LASALLE College of the Arts, Singapore, Singapore
Feminist art histories of Southeast Asia have often attempted to redress the gender imbalance in the region’s emerging canons by ‘recovering’ women’s contributions and writing them into history. However, the assumed values implicated in this passage from ‘invisibility’ to ‘visibility’ are often left uninterrogated. This paper considers what is at stake in the desire to ‘visualize’ in relation to a series of photographs of the Siamese court, which were taken by the Scottish itinerant photographer, John Thomson, during his travels through the country from 1865 to 1866. Specifically, I will consider the absence of King Mongkut’s (Rama IV, r. 1851–1868) wives in these images in conjunction with recent curatorial attempts to visualize the ‘agency’ of Thomson’s photographic subjects. In so doing, I will not only highlight the gendered limits of Thomson’s mobility within the architectural context of the Grand Palace in Bangkok, but will also address the ways in which his images have been received and reconstituted in Thailand and elsewhere. As I will argue, the multiple receptive contexts that Thomson’s images have generated, highlight the radical instability of visibility and invisibility, making clear that the desire to ‘see’, or ‘bring to light’, is not necessarily neutral.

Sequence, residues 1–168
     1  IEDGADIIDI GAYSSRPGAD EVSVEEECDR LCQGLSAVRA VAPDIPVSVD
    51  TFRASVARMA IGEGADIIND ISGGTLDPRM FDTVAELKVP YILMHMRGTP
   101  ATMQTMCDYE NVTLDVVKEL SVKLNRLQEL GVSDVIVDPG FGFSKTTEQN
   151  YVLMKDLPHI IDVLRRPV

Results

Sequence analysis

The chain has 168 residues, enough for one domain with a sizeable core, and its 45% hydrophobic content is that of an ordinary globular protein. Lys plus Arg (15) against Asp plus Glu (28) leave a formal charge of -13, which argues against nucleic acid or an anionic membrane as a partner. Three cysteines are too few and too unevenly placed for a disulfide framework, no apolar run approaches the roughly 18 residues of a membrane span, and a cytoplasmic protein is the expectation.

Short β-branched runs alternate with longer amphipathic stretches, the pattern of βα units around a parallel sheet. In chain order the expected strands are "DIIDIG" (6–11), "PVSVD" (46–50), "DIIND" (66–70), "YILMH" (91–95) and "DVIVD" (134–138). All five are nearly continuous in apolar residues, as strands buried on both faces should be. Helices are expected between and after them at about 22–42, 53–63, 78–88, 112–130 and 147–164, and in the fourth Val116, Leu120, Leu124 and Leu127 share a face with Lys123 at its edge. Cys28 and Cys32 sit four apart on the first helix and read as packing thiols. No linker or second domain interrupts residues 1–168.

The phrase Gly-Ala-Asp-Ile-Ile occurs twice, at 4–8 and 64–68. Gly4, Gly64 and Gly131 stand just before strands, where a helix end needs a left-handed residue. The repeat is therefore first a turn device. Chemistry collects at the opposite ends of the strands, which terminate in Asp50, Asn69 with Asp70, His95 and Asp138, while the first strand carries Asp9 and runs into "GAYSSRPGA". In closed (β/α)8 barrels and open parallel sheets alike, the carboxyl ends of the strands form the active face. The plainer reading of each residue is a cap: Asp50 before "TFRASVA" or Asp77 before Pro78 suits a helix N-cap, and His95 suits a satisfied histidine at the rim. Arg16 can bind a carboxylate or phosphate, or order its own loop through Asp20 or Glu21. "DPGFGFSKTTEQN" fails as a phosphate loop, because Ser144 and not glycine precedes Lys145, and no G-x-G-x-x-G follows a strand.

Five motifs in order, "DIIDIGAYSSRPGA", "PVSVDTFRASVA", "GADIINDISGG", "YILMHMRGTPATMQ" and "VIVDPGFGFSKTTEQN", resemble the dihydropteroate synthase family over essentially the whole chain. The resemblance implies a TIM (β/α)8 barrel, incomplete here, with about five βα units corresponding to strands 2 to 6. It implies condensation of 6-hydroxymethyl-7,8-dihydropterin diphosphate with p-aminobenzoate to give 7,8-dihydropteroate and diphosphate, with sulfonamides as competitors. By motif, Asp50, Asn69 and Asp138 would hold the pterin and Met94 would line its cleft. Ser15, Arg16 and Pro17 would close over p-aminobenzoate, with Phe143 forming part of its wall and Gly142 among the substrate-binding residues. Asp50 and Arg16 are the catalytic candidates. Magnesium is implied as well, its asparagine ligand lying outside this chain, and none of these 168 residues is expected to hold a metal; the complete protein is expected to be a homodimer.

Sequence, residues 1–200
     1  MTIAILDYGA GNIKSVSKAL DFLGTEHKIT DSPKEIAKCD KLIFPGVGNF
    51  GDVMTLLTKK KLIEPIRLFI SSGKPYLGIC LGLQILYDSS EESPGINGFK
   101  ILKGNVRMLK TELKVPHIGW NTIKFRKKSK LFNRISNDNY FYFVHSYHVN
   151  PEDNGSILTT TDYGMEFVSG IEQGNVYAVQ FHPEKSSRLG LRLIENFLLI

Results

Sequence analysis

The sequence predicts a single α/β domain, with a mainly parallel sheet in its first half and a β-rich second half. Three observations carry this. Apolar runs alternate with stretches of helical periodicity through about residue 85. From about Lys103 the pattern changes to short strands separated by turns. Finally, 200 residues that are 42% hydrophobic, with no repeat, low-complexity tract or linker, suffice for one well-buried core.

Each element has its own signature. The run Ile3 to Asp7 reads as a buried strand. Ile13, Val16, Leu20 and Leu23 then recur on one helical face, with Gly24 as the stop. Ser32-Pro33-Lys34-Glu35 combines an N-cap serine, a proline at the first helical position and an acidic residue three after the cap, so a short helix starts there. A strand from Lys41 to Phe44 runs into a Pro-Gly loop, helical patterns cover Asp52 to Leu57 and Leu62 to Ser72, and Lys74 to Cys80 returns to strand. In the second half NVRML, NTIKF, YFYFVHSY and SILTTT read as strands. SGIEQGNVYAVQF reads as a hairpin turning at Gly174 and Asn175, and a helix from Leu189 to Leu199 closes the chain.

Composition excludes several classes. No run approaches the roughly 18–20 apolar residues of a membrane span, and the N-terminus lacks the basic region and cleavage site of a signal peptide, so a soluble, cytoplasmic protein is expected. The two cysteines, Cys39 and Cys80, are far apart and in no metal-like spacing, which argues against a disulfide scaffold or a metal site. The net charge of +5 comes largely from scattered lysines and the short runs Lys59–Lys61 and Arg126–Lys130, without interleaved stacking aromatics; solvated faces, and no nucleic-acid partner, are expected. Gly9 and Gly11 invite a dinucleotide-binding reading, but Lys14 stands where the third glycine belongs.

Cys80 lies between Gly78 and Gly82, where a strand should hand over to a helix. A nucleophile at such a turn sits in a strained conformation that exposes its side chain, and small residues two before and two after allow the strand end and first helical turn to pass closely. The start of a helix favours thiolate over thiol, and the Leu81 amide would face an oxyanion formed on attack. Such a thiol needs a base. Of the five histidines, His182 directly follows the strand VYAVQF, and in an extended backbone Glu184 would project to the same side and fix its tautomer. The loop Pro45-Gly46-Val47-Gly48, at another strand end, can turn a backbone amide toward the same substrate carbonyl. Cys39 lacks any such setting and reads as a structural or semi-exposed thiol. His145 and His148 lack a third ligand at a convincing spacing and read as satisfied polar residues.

Dr Clare Veal is a lecturer in the MA Asian Art Histories programme at LASALLE College of the Arts, Singapore. She undertakes research on Southeast Asian photography, art and visual culture, with a particular focus on questions of sexual difference, subjectivity and agency.